change and be changed

change and be changed


one of the greatest gifts that i have on mission here in baguio city is that i am able to work, grow, learn, and enjoy life alongside an MSC – sure, she is 70, and 70 years of wisdom and then some is definitely bustling inside of her. the best part, is that i get to pick her brain and she shares with me stories upon stories, and key learnings that i know i will keep with me for life. such a gift!

in the past recent months, we have been making it a point to have a day of recollection for ourselves, as the leaders of our pastoral ministry. it’s important to re-group with each other, and put aside time to intentionally talk about how we feel our individual mission and collective mission is going.

following the methodology, SEE, DISCERN, ACT, CELEBRATE, this is how we reflect, and we usually go over some writings to help focus our discussion and to inform our mission experience from the past month.

for this month, we went over an article called, Prophetic Dialogue: Mission Paradigm in a Pluralistic Society by Samuel N. Agcaracar, SVD. this article came from a book on Religious Life in Asia, so it’s perfect!

sister t and i were blown away specifically by the last four points of the article, but there were other gems in this article too:

* “Prophets are known for their boldness to fight for transformation.”
* “In prophetic dialogue, it is not so much that we see ourselves as prophets of the Kingdom; rather it is our dialogue with people who are different from us that points to the Kingdom. We give witness to others, the others give witness to us…”
* Buzzwords in today’s pluralistic world: openness, flexibility, mobility, adaptability, innovation…

“Pernia notes, missio dei ‘is a fundamental insight that requires a fundamental change in our view of mission – that is, a change from seeing mission as ‘our mission’ or the ‘Church’s mission’ to seeing mission as primarily God’s mission.”

Antonio Pernia, the SVD Superior General called for “four fundamental conversions: from activism to contemplation; from rugged individualism to collaboration; from conquest to dialogue; and from evangelizer to being evangelized.”

…and so, it is these conversions that sister t and i spent some time discussing…we found that they were right on point to our mission experiences, especially, our mission experience here together in the philippines…

from activism to contemplation
He writes, “Contemplation helps us realize that ‘our participation in mission is fundamentally an encounter with mystery – the mystery of the Triune God who calls all of humanity to share in his life and glory.”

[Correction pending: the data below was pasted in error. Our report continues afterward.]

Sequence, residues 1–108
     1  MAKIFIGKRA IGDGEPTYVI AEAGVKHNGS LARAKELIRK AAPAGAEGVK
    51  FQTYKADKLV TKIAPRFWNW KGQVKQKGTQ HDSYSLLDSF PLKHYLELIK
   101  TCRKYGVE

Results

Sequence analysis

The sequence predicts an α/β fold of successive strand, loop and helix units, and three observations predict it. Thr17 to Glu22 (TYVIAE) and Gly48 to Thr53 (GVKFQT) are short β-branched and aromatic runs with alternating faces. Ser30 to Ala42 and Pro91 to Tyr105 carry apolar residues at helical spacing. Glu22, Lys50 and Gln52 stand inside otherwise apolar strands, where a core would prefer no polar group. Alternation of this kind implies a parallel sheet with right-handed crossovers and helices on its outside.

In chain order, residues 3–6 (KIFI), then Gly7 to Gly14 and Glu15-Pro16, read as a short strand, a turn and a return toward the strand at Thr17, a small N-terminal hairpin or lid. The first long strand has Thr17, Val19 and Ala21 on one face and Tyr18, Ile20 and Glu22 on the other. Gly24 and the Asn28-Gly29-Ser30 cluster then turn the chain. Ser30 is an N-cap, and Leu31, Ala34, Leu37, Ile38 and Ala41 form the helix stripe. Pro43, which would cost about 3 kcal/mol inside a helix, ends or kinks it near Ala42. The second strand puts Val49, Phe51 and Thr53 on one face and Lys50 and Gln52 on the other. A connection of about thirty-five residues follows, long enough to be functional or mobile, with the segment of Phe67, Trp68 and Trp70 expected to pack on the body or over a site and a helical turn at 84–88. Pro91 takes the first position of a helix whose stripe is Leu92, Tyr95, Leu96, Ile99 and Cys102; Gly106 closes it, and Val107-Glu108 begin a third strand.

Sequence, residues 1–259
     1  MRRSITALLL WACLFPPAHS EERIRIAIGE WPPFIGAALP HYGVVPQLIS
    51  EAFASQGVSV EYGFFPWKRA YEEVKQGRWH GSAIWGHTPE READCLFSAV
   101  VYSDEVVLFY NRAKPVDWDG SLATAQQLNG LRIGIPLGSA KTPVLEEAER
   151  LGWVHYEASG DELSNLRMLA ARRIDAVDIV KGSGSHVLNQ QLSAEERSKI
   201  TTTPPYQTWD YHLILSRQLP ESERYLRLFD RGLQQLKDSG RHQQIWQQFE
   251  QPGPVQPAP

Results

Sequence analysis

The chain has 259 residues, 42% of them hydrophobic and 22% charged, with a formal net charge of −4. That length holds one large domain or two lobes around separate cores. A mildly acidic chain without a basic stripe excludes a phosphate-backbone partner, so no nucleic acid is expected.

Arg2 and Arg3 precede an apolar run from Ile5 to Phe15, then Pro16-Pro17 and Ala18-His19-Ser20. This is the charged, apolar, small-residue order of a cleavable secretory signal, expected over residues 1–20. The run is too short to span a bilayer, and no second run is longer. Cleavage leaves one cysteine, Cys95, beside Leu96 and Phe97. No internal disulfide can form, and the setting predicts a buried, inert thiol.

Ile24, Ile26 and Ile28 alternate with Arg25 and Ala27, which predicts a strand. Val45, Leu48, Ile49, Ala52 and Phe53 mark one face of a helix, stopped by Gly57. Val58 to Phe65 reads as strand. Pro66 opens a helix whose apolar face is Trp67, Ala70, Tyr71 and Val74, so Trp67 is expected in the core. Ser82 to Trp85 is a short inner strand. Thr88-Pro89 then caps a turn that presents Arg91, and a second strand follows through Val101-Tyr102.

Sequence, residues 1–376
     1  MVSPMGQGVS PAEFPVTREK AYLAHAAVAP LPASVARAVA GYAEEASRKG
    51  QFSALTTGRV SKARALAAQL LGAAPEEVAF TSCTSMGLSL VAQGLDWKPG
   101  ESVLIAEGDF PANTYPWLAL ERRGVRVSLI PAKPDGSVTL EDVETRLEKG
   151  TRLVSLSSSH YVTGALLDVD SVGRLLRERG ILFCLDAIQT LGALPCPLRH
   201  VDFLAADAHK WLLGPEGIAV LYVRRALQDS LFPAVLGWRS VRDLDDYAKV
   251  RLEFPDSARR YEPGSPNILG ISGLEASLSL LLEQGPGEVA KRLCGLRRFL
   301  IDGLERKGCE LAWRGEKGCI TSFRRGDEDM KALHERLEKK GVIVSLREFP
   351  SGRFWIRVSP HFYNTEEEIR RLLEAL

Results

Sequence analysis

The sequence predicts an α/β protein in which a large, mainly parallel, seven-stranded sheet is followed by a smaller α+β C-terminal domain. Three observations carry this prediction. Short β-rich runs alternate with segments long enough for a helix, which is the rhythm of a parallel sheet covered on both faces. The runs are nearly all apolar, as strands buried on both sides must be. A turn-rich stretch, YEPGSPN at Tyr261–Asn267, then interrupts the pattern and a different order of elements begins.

“Paul VI says: ‘Modern humanity listens more willingly to witness than to teachers, and if he does listen to teachers, it is because they are witnesses.'”

from rugged individualism to collaboration
“As missionaries, we must avoid the extreme of demanding that our faith be preeminent and, alternatively, we must not reduce others to a common denominator, as if our distinctiveness matters most….With the lens of missio Dei, we must realize that our call to mission is really a call to share in God’s mission, which implies a call to collaborate with God, first of all, and with all others who are similarly called by God.”

“Dorr identifies an antidote trait of a missionary, that is, one who sees the world today where he himself can no longer be a ‘lonely ranger’ but must be a team and community person. Collaboration, then, is not just a strategy but an essential characteristic of mission.”

“In maintaining such a perspective we are free to celebrate different religious traditions and ideologies without fear. It allows us to open the door to explore each other’s faith and work with them toward the good of humanity.”

from conquest to dialogue
“…the proper approach to mission is not to dogmatically promote our conviction on certain ideological trust and absolutes to assert their relevance. Instead, the relevance of our faith is seen in the way we allow it to shape our lives such that we become ourselves testimonies to such truth.”

” Missio Dei acknowledges that God has been in dialogue with all peoples from the beginning. Other religious and cultural traditions, therefore, contain ‘seeds of the Word’ or ‘rays of Light.’ Hence, the missionary today is called to evangelize from a position of lowliness and humility. He or she will not seek power – economic, cultural, technological, or even media power. The only power he or she will need is the power of the Word and of the Spirit; and that power is the power of love, which is manifested in self-giving.”

from only evangelizing to also being evangelized
“Prophetic dialogue underlines the fact that mission is a two-way exchange of gifts between missionaries and the people with whom they work. Consequently, ‘the missionaries must be ready to give and receive, to evangelize and be evangelized, to speak and to listen. They must learn to walk with the people and respect the pace of the people’s walking. They must be prepared to change and be changed, to form and be formed, to invite to conversion, and be converted.”

and lastly…”The way we live as Christians – which is to live in mission – is constantly to live in dialogue with and discerning our context, and correlating that context with the broader and older Christian tradition.”

live in mission! AAAAAMEN! 🙂


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